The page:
From page 77 of ' New Every Morning'
' Grain Lands of Argentina and the Plate'
L. DUDLEY Stamp , D.Sc.
Iieader, Frank Thomas
Conducted by Mansel Thomas
Trevor Anthony (bass)
Margaret Godley Rosalind Rowsell Gladys Winmill Doris Owens Bradbridge White Martin Boddey Stanley Riley Samuel Dyson
Conductor, Leslie Woodgate
The Athol Ensemble:
Lilian Athol (violin) ; Vera Perkins (violin); Alice Grassie (viola); Hylton Organ (violoncello) ; Horace Green (double-bass); Lydia Stace (pianoforte)
2.5 Your Home and Mine
' What is happening to the Countryside '
2.30 British History
A dramatic interlude written by WILSON MIDGLEY
' Five men, two bullock-drays, five hundred cattle, a thousand sheep-day after day, week after week, they pushed out..... The cartwheels furrowed the earth, winding here and there to avoid a fallen tree, a patch of impenetrable scrub. It was the first road.' That is an account of the difficulties of transport in Australia in the nineteenth century.
' At first, dear Mama, it was terrifying. One seemed to burst through the air. My heart beat..... Our carriage lashed upon a truck, swayed from side to side, making me so sick and faint that I felt near to death.' That is an account of a girl's first experience of a railway journey at about the same time in England (1840). The train was travelling at thirty miles an hour-a speed that motorists in a controlled area find irksome today.
In this broadcast you are to hear of some of the inventions that have helped to make the world grow smaller, more comfortable to live in, but in so many ways much more dangerous.
Leader, Harold Fairhurst
Conductor, Richard Austin
Solo pianoforte, Phyllis Sellick from the Pavilion, Bournemouth
Directed by Henry Hall
including Weather Forecast
sung by Spencer Thomas (tenor)
Leader, J. Mouland Begbie
Conducted by Ian Whyte
Presented by Harold Ramsay from
The Union Cinema, Kingston
Roping in GEORGE ROBEY
(By permission of the Blanche Littler
CLAPHAM AND DWYER
THE CARLYLE COUSINS
LADIES' ACCORDION BAND
GORDON RAY RADIOLYMPIA
FAMOUS ORGANISTS, including
Sidney Torch and Harold Ramsay
Continuity and Special Lyrics by Phil Park
Produced by Leon Pollock
' Law in Daily Language '
The Rt. Hon. Lord Macmillan ,
Rt. Hon. Lord
including Weather Forecast and Forecast for Shipping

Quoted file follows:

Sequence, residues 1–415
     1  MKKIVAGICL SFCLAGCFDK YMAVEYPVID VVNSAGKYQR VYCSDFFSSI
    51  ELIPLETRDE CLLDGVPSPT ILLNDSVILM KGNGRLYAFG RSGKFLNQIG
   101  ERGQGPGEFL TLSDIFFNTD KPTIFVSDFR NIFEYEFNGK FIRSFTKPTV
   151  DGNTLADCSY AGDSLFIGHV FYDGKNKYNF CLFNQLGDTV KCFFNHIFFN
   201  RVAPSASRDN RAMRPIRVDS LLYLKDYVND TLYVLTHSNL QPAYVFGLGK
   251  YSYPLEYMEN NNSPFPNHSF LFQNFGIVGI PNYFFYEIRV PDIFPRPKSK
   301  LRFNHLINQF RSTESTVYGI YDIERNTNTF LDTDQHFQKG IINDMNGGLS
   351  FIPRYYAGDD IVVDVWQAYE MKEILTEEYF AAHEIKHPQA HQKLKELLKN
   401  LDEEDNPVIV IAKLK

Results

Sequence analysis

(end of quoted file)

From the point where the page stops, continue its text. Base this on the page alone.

Prelude, The Song of Songs and First Performance of KING SOLOMON
Bantock's King Solomon was written this year to commemorate the Coronation of Their Majesties King George VI and Queen Elizabeth. The words, chosen from the Old Testament and Psalms, are particularly appropriate for the occasion. Thus, the first section ' Processional' is a setting of Psalm xxi, and contains the following lines : — ' The King shall rejoice in Thy strength, 0 Lord ...'
The second section, ' Monologue ', is drawn from the Second Book of Chronicles, chapter I, verses 1-13, and in it occur the words : — ' For Thou hast made me King over a people like the dust of the earth in multitude '. And the ' Choral
Hymn ', with which the work concludes, is a setting of Psalm cxlviii: — ' Praise ye the Lord '.
The music is remarkable for its breadth and tunefulness : the choral writing is impressive and dramatic, and the Monologue, which is declaimed by the Narrator, to the accompaniment of occasional fanfares, is effective both on account of its inherent qualities as well as for the contrast it forms with the two Psalms between which it is placed.
from the Concert Hall, Broadcasting
Hail the day that sees Him rise !
(A. and M. 147, vv. 1, 2, 4, 5)
Jesu, our hope, our heart's desire
(A. and M. 150)
Psalm xxiv, 3, 4, 9, 10
Reading: It is expedient for you that
I go away-from a sermon by Canon H. P. Liddon
Canon H. P.
Leader, Montague Brearley
Conducted by Harold Lowe
Mischa Motte (entertainer)
Directed by Sydney Lipton from Grosvenor House, Park Lane